Work out why people should listen to you. If you can't do this you will be boring. What should your listeners be able to do with the information you are giving them? Approve budget? Use your experience on their own projects? Help out with technical difficulties? Speak knowledgeably about your project to the client? Suddenly your talk has focus, and you will know which topics to include and exclude. Work out which topics are critical, so that if time is tight you will be able to concentrate on them. Your talk will now be interesting, because it's useful to your listeners.


Now flesh out the detail. Put your topics in a logical sequence. For technical content such as professionals are often called on to deliver, you should give a general overview first, followed by the detail, which will then make more sense in the context of the big picture. Put together an introduction, which is a brief overview of your critical topics, not just a list of headings. Create a summary, which is a brief reminder of each of the critical topics. Create some visuals, which are instantly readable at a distance, not just copies of spreadsheets.


Not necessarily a full rehearsal, which would be overkill for most presentations. Just make sure you are ready. Can you use the equipment easily? Is your language appropriate for the listeners? Can you fit your content into the time allocated? What questions are likely to be asked, and what questions do you hope won't be asked? Get answers ready. Create some speaker's notes which are simply brief headings to keep you on track.


You have nothing to be nervous about. Both you and your content are ready. While speaking, just remember the following. Stick to your objective. Make eye contact with everybody in the room. Watch timing. Don't rush. And if an attack of nerves happens, take a deep breath right down in the pit of your stomach, not in your chest. Your audience won't see or hear it, and it truly calms the nerves.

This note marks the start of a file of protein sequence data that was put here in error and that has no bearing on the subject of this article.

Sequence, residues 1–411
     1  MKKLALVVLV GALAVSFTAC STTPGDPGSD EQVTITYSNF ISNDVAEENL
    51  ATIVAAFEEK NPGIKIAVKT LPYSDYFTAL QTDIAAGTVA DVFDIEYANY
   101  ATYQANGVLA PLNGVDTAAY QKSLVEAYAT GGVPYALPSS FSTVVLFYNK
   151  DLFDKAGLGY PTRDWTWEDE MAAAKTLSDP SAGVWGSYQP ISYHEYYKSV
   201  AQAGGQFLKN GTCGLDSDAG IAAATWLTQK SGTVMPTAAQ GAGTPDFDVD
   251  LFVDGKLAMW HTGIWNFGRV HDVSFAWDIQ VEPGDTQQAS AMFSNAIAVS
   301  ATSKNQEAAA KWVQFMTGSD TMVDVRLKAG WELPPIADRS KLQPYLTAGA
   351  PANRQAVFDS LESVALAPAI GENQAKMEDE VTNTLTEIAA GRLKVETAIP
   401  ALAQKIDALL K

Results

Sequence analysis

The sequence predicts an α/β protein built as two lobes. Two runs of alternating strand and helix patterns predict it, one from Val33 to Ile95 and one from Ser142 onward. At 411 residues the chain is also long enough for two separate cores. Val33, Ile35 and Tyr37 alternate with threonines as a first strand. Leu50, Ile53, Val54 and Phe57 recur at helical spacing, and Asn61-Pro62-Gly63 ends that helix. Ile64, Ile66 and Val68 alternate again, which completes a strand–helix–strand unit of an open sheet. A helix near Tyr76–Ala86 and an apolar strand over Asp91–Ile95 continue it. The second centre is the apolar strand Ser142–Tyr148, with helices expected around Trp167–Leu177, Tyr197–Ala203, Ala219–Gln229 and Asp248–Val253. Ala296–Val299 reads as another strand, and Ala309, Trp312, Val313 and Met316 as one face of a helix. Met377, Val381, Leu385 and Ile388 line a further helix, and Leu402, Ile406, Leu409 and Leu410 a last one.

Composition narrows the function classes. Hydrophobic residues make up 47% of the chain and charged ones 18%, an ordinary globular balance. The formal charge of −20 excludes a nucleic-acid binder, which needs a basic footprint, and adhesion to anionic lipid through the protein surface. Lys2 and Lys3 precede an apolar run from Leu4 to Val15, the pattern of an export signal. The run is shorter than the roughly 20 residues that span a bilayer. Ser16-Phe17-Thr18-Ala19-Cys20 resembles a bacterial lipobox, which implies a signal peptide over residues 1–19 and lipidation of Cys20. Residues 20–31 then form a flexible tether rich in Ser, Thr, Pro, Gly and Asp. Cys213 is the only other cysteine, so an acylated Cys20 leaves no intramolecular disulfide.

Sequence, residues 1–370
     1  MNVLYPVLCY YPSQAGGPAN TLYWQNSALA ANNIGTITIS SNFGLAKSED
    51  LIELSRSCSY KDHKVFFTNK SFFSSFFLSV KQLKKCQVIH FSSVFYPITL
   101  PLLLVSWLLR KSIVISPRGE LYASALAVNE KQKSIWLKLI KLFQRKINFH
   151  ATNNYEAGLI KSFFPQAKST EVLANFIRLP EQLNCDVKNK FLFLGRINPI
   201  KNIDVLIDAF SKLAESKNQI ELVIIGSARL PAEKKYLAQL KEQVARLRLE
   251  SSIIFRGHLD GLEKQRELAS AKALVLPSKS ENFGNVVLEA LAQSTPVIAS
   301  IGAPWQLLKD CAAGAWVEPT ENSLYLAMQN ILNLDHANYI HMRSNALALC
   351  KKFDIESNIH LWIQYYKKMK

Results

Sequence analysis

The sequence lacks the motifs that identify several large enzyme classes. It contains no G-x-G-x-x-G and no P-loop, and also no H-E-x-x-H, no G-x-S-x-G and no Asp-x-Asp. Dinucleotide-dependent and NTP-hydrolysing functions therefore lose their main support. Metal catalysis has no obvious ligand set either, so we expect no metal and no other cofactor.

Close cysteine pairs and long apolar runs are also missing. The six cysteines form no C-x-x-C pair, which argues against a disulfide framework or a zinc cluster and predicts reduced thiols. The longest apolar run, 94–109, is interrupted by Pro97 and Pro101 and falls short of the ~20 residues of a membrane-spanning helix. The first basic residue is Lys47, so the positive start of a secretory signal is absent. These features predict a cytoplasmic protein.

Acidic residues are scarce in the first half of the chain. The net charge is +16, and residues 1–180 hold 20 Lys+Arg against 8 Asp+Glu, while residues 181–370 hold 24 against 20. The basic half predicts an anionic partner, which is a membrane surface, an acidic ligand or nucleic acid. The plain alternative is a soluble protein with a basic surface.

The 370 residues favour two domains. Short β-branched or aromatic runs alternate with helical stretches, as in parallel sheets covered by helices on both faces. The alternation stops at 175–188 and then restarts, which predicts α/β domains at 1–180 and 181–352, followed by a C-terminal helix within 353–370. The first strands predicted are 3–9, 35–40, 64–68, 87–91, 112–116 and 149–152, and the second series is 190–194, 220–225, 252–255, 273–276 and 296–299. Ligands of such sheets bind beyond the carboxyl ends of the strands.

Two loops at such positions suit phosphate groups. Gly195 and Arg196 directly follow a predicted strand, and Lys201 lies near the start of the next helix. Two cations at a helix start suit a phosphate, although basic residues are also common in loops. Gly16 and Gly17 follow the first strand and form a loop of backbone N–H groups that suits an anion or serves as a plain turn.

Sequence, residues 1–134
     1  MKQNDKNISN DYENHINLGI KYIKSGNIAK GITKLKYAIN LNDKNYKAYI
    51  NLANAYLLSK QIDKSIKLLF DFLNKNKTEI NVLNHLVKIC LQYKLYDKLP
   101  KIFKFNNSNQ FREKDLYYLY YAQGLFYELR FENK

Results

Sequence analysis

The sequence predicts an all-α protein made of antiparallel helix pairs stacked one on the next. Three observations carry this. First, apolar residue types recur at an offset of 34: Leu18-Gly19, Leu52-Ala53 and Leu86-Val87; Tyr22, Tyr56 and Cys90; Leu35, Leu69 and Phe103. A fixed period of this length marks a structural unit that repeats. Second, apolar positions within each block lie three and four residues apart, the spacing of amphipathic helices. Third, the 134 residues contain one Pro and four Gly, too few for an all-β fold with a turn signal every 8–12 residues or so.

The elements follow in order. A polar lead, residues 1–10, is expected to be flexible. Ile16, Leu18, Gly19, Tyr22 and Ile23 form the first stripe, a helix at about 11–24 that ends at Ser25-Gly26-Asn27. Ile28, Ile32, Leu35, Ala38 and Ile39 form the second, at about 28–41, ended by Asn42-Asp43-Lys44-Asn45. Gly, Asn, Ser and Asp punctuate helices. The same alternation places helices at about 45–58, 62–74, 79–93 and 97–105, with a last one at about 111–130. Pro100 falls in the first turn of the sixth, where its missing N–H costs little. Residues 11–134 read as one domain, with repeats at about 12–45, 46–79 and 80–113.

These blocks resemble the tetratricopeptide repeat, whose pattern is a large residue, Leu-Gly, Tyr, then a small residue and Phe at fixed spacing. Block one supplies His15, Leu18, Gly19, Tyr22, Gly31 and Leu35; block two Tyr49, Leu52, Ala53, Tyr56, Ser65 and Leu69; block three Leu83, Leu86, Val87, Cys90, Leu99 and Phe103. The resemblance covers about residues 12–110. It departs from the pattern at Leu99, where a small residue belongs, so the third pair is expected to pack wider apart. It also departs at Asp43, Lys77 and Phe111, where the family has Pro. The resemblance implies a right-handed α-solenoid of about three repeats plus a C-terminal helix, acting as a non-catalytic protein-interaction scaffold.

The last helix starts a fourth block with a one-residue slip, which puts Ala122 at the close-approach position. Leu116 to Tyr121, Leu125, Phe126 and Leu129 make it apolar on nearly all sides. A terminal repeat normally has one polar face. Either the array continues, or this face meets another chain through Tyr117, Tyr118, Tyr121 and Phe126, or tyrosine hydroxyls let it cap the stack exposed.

Following these four steps will ensure that you can avoid the mistakes I mentioned earlier. Don't forget that whenever you are speaking to other people you are doing so to provide a service for them, not to demonstrate your own expertise. Think of the first three steps as Why – What – How. Why should people listen to me? What content will achieve that objective? How can I make it happen?

Try these steps next time you are asked to give a report or speak to clients. Practice makes perfect, after all, and it's worthwhile practising useful techniques, so that they become second nature. You can even use them effectively in a meeting at a moment's notice.

Think about this: How much time can you save, and how much extra business can your organisation generate because your clients prefer to deal with professionals they can understand?

Copyright © Brian Cooney

About the Author
Brian Cooney

Brian Cooney is one of Australia's most respected speakers and trainers. He is an Accredited Speaking Professional with the National Speakers Association of Australia and has addressed over 5000 people across Australia and internationally. His book Talk Sense! is available in bookshops nationally, and he regularly presents workshops, seminars and internet-based training aimed at helping professionals communicate their expertise as effectively as possible, and run effective meetings.